Women and the Making of Modernity

Term: Fall 2011

Subject Code: GLIB

Course Number: 5826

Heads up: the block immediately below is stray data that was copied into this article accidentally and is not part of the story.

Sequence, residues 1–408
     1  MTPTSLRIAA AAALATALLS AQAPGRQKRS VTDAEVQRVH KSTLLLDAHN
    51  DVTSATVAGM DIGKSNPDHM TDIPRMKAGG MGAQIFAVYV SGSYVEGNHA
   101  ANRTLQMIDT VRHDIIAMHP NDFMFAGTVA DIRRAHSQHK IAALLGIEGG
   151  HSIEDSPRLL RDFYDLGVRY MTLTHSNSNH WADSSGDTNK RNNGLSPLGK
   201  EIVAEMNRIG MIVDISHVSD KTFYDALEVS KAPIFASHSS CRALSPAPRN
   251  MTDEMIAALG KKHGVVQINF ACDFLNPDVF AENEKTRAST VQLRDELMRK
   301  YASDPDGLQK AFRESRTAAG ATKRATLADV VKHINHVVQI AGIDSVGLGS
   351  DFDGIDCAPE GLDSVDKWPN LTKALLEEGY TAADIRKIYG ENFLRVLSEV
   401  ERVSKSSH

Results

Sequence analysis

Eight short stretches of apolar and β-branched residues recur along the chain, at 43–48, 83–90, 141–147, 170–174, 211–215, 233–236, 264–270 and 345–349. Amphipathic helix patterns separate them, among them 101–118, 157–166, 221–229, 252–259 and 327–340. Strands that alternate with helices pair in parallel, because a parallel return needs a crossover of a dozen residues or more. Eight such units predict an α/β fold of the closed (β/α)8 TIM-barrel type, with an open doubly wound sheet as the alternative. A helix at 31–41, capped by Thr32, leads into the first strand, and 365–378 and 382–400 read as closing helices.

This course examines the ambitions, struggles, and achievements of a group of Western women intellectuals that produced new knowledge that contributed to modern understanding. We begin with the pre-Enlightenment “Querelle des Femmes” which polarized responses to historical misogyny, Poullain de la Barre’s Cartesian argument that “the mind has no sex,” and the erratic diffusion of the idea of the “equality of the sexes.” We consider the explosion of print culture, the gendering of genre, and the publication success of fledgling female writers for a new audience of female readers. We study the emergence of Enlightenment feminists like Marie Madeleine Jodin, Mary Wollstonecraft, and Mary Hays who interrogated the conversations of “canonical forefathers” on the subjects of virtue, power, and authority. We trace the ways Enlightenment feminisms were central to the “Revolution Debate” after 1789, and the gender conservatism that followed. We investigate the careers of Nineteenth Century public female intellectuals in light of emerging academic cultures of teaching and learning; the explosion of Science –including astronomy, birth control technology, and photography, and the impact of these innovations on gender dynamics. We investigate current perspectives on the silences and dialogues between male thinkers – Rousseau, Kant, Godwin, Nietzsche – and their female contemporaries. We celebrate the accomplishments of pioneering women, including Harriet Martineau, George Eliot, Anna Jameson, Hertha Ayerton, Marie Curie, and others. We assess women’s proposals for female education in light of their own experiences as autodidacts and amid pervasive social anxiety about learned women. We ask what opportunities did women create for themselves? Have these endured?

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